Coptic Christians and Mubarak

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Tens of thousands of protesters continue take to Egypt's streets to demand a new government.

Their calls have been heeded by politicians and expat groups in cities across the world.

30-year dictator Egyptian President Hosni Mubarak recently bowed in part to demands and said he won't run for office in September, but demands for his immediate ouster haven't slowed.

At a small congregation of Coptic Christians near Fort Lauderdale, FL, members of an ancient Orthodox branch of Christianity have fasted this week to ask for the opposite: a slow, gradual transition that keeps the Christian-friendly Mubarak on top for as long as possible and keeps potentially unfriendly Islamists away.

Nadia Guirguis left Egypt 15 years ago for the same reasons her countrymen are taking to the streets today: she wanted a chance at better jobs, more freedoms and a better life.
Reluctant supporters

But as violent demonstrations rage in her homeland, the Coptic Christian has become a reluctant supporter of the widely-disliked Mubarak. She said the secular leader has pursued Islamist extremists during his reign and has been a friendly to Christians.

"You know, he was okay, not perfect, he was okay," Guirguis said. "But you know, now we say he was better than – You don't know what's going on after, it's a mirage for us. If you take my opinion, I wish we could let him stay forever until he died because we are very scared of these Muslim fanatic people."

That fear of fanaticism is the main reason that Coptic Christians make up a disproportionate amount of the nearly quarter million Egyptians now in the US.

In Egypt, Copts are routinely denied jobs. In recent years, they have been shot at during religious ceremonies.

This New Year's Day, extremists bombed a church in Alexandria, killing dozens.

Guirguis is part of a congregation of about 200 Copts in the Miami suburbs who have been meeting twice a day this week to pray for peace and the safety of Mubarak.

"Kýrie, eléison, kýrie, eléison, Lord have mercy, oh Lord," they sang at a recent service, reciting an ancient Greek prayer.

Guirguis and many of her fellow church goers fear that Islamists could take over the Egyptian government and that could be disastrous for the country's 8 million Copts.

"I believe the Islamists were behind the terrors that have happened and it's changing it from a peaceful protest into a riot," said Rev. Timotheus Soliman, who has led St. John the Baptist for a decade. "And that's what we're afraid of is that it will be turned into another Iran. And the world does not need another Iran at the moment."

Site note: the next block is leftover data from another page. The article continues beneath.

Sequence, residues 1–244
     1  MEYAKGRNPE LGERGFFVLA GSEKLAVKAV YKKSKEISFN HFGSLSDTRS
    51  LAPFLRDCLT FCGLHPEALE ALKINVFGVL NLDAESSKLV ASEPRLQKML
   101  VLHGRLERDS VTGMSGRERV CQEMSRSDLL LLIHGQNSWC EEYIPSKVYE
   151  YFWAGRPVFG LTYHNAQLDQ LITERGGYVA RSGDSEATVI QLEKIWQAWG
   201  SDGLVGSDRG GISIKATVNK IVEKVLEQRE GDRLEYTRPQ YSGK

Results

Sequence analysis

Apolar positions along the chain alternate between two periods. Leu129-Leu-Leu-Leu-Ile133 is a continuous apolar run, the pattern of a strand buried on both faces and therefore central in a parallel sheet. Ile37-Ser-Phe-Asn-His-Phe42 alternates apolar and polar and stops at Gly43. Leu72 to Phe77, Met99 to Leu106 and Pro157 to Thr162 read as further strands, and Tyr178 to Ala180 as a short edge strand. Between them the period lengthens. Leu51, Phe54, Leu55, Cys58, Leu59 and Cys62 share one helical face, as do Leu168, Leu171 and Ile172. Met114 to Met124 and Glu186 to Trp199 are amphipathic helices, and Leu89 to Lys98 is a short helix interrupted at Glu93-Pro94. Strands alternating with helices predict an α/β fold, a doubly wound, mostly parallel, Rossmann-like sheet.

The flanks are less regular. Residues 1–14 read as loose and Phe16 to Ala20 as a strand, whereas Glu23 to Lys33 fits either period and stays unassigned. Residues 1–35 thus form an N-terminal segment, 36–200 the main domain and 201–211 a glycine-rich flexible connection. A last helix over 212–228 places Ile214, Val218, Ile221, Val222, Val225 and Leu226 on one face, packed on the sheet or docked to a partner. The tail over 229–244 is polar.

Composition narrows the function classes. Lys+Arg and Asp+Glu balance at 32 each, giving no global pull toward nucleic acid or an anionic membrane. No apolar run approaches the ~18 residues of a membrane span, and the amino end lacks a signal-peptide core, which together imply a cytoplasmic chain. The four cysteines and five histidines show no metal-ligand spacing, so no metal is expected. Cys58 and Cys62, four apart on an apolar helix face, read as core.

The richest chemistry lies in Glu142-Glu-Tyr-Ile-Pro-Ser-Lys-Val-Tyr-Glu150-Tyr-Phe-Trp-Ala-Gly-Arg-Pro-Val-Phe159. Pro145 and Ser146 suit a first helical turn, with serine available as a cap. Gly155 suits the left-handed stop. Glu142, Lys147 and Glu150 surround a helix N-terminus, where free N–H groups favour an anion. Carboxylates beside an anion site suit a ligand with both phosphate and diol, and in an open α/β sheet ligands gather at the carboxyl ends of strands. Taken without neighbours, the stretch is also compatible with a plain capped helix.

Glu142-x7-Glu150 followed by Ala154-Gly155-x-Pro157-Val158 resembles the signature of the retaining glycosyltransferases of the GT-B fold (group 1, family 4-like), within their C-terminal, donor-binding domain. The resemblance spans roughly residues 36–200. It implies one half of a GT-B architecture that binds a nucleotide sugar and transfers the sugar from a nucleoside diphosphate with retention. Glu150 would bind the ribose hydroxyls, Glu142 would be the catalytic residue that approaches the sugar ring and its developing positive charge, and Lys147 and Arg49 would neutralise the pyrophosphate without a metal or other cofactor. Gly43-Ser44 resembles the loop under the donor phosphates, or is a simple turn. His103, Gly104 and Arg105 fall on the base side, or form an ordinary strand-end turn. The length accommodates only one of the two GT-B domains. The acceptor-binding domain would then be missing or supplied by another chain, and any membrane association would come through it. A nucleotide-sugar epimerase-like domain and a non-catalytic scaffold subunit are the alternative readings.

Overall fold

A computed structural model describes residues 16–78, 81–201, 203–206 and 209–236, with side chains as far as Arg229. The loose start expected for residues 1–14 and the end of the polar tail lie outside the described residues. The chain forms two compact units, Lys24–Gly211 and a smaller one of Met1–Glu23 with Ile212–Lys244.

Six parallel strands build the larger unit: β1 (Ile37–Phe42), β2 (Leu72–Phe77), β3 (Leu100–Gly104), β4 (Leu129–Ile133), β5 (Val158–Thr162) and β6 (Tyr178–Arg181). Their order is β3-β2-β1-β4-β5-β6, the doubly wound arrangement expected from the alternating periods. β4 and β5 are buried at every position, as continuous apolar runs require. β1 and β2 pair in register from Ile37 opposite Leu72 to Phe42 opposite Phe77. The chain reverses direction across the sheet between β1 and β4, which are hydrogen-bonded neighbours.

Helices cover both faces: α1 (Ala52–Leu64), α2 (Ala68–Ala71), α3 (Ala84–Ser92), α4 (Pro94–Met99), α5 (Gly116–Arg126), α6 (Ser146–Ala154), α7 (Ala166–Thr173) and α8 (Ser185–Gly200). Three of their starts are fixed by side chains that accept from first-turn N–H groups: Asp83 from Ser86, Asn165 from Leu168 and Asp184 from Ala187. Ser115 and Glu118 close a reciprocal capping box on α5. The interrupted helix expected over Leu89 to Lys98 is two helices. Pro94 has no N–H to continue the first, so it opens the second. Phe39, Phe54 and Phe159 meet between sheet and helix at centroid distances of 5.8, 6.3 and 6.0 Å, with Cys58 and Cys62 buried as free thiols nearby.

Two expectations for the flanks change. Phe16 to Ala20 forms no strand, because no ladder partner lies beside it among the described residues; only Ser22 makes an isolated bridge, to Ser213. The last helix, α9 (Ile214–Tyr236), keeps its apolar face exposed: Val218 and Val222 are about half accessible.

Copts haven't been completely absent from rallies in Egypt calling for regime change, but the church's leadership in Egypt and abroad has avoided criticizing the president.
Pope Shenouda III supports Mubarak

In Egypt, the church's head, Pope Shenouda III, gave his support to Mubarak in an interview with state television this week.

The protests that erupted late last month began with a secular and peaceful tone, but quickly have become defined by violent clashes between anti and pro-government forces.

The Muslim Brotherhood has become one of the public faces of the opposition and is expected to play a role in a new government.

The political and religiously conservative group has long wanted to turn Egypt into an Islamic state and, though it long ago denounced violence, the Copts and other religious minorities fear its Islamic bent could fuel persecution against minorities.

Safwat Eskandar readily admits that Copts and Egyptians as a whole have suffered under Mubarak. And he says even if Islamists don't run Egypt, other alternatives look just as bad if Mubarak steps down.

"If he let go at this point, it's going to be like disaster for Egypt because there is no control, no power, no government," Eskandar said. "So we pray that if it works out to stay six months or even less."

The Coptic Orthodox Church was founded in A.D. 42 in Alexandria, Egypt.

And at St. John, as he does every week, Eskandar prayed that this ancient church would survive another 2,000 years.

"My Coptic church / The church of the Lord / Ancient and strong," Eskandar sang with the congregation. "I wish her long life / My Coptic church / Her faith is orthodox / Forever strong /
Egypt is for Christ."